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It’s a Dangerous Job… Seeking Compensation for Construction Injuries

Construction work is frequently dangerous. Four out of every 100 construction workers sustained a non-fatal injury in 2011, causing the injured workers to miss a median 14 days of work. The Occupational Safety and Health Administration (OSHA) reports construction workers have the following lifetime risk of injury over a 45-year career (verbatim):

  • Disabling injury — 75-percent
  • Fatal injury — 0.5 percent (1 in 200)
  • Chronic obstructive pulmonary disease — 15 percent
  • Dust-related lung damage — 11 percent

In 2011, 4,114 workers were fatally injured on the job in private industries. Construction workers accounted for 721 (17.5 percent) of those deaths. The fatal four, identified by OSHA, is responsible for 410 (57 percent) of fatal injuries suffered by construction workers in 2011 (verbatim):

  • Falls – 251 (35 percent)
  • Electrocutions – 67 (9 percent)
  • Struck by object – 73 (10 percent)
  • Caught in-between – 19 (3 percent)

Most construction companies carry workers compensation insurance that provides some benefits to those injured on the job. Workers compensation is often thought to be the only legal remedy available to injured workers. The law does, however, make exceptions.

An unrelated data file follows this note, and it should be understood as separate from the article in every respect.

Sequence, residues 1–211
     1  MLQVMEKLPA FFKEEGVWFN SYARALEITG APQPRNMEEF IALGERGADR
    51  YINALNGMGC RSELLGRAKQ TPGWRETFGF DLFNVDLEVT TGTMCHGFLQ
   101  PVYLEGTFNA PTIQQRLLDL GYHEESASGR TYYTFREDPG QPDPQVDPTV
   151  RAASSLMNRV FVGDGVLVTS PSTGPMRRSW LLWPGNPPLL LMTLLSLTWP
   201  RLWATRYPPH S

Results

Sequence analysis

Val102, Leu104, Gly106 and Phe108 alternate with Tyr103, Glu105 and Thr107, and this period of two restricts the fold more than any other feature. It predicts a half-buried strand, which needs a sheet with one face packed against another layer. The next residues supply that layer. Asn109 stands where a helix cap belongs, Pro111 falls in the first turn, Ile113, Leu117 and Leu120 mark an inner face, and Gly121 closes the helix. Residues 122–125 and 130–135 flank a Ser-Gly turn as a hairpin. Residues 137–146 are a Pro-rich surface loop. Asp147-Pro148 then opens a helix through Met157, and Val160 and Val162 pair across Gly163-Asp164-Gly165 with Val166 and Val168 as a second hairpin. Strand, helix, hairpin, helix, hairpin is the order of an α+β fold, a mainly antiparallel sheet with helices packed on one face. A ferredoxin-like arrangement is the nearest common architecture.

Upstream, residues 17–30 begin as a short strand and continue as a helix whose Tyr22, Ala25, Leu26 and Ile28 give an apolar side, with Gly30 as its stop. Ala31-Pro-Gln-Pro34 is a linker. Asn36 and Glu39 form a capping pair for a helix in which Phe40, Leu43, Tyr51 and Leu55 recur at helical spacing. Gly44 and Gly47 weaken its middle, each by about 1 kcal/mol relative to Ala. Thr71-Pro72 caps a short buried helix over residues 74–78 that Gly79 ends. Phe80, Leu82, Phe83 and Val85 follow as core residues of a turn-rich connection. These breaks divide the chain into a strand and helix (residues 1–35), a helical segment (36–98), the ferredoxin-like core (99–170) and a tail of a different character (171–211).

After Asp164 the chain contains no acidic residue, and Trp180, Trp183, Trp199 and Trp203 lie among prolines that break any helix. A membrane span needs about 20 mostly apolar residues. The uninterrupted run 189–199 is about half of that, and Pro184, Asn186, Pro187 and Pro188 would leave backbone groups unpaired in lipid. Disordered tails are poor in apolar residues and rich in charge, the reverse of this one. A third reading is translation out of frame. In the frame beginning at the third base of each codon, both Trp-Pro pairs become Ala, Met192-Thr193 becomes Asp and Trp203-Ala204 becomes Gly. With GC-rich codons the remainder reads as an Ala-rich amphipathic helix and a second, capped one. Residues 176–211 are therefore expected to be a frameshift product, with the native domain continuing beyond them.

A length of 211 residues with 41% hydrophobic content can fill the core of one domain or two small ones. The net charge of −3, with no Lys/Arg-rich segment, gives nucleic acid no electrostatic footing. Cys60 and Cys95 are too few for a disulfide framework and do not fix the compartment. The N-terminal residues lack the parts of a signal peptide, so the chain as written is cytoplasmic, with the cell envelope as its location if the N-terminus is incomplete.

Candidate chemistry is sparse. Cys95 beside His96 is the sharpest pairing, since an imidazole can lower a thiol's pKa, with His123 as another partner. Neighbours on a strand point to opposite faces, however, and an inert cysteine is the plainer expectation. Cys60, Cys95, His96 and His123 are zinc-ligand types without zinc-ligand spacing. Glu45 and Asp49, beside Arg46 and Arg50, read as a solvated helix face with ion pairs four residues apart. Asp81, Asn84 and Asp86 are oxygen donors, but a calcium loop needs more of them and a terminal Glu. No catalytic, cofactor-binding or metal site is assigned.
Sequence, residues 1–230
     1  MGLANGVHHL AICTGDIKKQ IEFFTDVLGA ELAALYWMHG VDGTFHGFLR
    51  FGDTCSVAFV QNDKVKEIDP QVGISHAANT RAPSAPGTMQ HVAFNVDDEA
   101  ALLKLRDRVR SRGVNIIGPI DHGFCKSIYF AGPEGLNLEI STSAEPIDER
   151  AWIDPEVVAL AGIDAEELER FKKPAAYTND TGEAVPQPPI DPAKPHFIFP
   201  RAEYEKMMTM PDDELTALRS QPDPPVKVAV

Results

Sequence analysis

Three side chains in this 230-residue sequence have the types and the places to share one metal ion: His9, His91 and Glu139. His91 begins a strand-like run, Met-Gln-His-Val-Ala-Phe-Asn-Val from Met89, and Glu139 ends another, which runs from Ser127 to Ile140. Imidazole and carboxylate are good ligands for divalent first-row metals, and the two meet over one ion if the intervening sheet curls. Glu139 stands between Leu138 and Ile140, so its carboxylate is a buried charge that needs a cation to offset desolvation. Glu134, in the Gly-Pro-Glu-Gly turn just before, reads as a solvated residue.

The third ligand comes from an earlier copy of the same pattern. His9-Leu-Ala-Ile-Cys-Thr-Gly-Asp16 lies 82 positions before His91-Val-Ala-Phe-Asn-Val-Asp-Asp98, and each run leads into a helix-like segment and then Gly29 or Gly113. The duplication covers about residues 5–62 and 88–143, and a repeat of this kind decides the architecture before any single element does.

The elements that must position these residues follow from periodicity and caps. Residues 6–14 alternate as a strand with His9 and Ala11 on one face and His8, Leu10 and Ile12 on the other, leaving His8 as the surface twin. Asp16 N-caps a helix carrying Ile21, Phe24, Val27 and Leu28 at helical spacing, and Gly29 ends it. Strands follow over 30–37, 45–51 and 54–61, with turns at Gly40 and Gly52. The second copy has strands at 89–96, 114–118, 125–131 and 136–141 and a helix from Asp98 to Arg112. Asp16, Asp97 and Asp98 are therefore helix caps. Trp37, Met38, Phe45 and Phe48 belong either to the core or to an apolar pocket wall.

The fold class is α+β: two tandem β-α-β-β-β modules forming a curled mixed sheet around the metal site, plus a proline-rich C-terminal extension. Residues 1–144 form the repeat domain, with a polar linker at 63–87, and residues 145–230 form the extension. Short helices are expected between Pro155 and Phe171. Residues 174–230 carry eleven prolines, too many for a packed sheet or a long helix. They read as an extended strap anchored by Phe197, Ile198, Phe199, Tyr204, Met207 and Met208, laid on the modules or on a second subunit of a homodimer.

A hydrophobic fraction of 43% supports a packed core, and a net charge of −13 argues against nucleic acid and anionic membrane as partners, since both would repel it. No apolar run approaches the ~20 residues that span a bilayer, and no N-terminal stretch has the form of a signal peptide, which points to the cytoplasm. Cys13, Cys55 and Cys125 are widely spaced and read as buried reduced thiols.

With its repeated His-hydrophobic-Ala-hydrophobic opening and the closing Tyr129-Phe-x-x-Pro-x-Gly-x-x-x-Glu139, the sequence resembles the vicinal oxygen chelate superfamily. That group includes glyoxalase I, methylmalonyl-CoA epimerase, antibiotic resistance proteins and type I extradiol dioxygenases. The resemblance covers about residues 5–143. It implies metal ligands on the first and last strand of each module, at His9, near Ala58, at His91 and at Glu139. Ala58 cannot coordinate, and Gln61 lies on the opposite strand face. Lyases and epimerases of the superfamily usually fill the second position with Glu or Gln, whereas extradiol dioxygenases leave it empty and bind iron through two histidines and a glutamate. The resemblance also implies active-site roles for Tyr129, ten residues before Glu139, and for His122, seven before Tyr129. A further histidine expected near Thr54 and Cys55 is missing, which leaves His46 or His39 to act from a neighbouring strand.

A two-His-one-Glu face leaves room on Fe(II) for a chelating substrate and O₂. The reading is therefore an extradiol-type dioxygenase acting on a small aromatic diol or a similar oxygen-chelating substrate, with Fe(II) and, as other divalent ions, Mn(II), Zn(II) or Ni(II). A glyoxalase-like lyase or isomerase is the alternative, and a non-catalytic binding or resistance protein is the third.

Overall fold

Injured workers can sue employers for damages in some instances. For example, if an employer knowingly exposes a worker to a hazardous situation, intentionally inflicts a worker to emotional distress, or if a workplace assault occurs, you may have grounds for a lawsuit seeking damages against your employer.

There is also the possibility of filing a third-party claim for personal injury, medical malpractice or wrongful death damages causing or relating to workplace injuries.

For example:

  • Landlord — An unsafe property condition should have been corrected by the employer’s landlord
  • Product seller, distributor or manufacturer — The result of a defective product
  • Doctor — A work-related injury is worsened due to negligent medical treatment
  • Contractor — When an employee for a company contracting with your employer fails to correct a dangerous situation

There is a two-year statute of limitations for filing most damages claims in Indiana. If you have been injured or harmed as the result of a workplace injury, please contact a licensed attorney experienced in personal injury law.